Osteoporosis screeningRoutinely screen all women 65 years and older and women 60 years and older who are at increased risk for osteoporosis, and discuss the benefits and harms of treatment options.224
Cholesterol screening (high risk)Routinely screen men 20 to 35 years of age and women 20 to 45 years of age for lipid disorders if they have other risk factors for coronary heart disease, and treat with lipid-lowering drugs to prevent cardiovascular disease.11§2
Diabetes screeningScreen adults with high cholesterol levels or hypertension for diabetes, and treat with a goal of lowering blood pressure and cholesterol levels to below conventional target values.112
Diet counselingOffer intensive behavioral dietary counseling to adult patients with hyperlipidemia and other known risk factors for cardiovascular and diet-related chronic disease.112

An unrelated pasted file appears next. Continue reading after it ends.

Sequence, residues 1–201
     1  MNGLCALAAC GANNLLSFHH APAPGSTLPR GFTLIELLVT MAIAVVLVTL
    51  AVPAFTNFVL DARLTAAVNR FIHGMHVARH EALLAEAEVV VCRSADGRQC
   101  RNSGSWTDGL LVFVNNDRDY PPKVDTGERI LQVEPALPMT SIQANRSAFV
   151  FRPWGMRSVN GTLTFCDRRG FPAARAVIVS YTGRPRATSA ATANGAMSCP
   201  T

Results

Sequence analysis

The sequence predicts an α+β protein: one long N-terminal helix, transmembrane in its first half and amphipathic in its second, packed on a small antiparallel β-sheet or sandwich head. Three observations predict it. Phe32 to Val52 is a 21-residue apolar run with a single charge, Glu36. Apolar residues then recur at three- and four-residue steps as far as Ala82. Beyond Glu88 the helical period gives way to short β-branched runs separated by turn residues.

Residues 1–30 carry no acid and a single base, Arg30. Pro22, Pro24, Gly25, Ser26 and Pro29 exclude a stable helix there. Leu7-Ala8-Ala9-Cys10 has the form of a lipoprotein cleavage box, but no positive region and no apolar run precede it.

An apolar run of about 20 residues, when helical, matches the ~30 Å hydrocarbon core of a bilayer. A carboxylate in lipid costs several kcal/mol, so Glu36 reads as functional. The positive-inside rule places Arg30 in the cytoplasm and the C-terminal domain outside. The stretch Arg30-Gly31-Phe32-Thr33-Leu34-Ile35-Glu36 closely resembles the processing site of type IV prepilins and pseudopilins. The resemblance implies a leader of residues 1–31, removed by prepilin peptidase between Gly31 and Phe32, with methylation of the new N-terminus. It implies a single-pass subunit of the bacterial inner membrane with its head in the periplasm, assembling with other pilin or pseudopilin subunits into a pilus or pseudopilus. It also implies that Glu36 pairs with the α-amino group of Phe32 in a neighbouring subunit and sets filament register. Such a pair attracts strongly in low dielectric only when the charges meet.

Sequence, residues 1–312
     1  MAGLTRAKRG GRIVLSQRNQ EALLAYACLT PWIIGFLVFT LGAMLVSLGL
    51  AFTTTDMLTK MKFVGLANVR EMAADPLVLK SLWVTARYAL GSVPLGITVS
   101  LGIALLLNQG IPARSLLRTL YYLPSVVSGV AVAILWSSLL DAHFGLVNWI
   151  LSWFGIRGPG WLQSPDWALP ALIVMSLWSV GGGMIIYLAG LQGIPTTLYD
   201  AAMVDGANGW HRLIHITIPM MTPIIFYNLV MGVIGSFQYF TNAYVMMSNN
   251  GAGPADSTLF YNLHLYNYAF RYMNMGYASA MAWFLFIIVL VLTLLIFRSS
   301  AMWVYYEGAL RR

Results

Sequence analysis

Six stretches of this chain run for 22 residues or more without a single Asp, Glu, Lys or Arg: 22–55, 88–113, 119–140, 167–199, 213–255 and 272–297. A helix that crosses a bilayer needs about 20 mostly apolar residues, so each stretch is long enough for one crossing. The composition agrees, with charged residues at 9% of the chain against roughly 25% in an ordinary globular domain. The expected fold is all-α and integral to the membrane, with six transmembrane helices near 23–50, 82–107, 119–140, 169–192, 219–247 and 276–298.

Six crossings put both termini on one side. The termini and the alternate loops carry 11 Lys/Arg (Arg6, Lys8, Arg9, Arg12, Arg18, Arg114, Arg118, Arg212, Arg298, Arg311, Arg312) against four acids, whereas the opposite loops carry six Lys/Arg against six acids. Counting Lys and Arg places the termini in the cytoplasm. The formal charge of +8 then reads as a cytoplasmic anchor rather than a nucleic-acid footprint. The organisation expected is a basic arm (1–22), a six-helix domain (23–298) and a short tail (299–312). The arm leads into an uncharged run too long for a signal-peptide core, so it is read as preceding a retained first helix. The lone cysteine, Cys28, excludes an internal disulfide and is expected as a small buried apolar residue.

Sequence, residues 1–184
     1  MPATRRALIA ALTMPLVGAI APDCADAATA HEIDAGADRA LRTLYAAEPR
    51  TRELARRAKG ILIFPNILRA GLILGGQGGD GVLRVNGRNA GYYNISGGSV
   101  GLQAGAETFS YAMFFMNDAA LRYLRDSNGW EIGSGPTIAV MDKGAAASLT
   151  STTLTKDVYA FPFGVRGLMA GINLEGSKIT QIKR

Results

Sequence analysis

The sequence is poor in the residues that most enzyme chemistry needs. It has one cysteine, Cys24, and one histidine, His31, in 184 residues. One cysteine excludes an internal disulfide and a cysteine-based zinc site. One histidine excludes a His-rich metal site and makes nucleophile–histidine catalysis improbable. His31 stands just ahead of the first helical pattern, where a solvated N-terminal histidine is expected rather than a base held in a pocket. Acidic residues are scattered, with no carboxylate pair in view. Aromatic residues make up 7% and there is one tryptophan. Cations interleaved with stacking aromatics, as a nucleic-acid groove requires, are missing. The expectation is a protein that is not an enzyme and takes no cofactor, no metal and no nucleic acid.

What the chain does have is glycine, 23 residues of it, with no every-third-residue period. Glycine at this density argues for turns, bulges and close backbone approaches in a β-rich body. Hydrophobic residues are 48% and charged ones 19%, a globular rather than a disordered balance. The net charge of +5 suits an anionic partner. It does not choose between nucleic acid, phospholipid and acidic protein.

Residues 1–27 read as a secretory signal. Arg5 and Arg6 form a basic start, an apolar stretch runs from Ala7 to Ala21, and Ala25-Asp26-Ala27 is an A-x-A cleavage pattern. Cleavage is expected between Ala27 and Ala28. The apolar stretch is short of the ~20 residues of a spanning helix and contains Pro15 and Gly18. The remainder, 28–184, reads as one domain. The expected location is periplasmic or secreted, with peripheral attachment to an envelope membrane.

Tetanus-diphtheria boosterImmunize adults every 10 years.112


Discussing daily aspirin use with high-risk adults, immunizing children, and screening for tobacco use (with a brief intervention in patients who smoke) received the highest score of 10, making them the most beneficial and cost-effective services on the list. High-ranking services (score of 6 or more) with low utilization rates (50 percent or less) included tobacco-use screening and brief intervention, colorectal screening in patients 50 years and older, pneumococcal immunization in patients 65 years and older, and chlamydia screening in young women.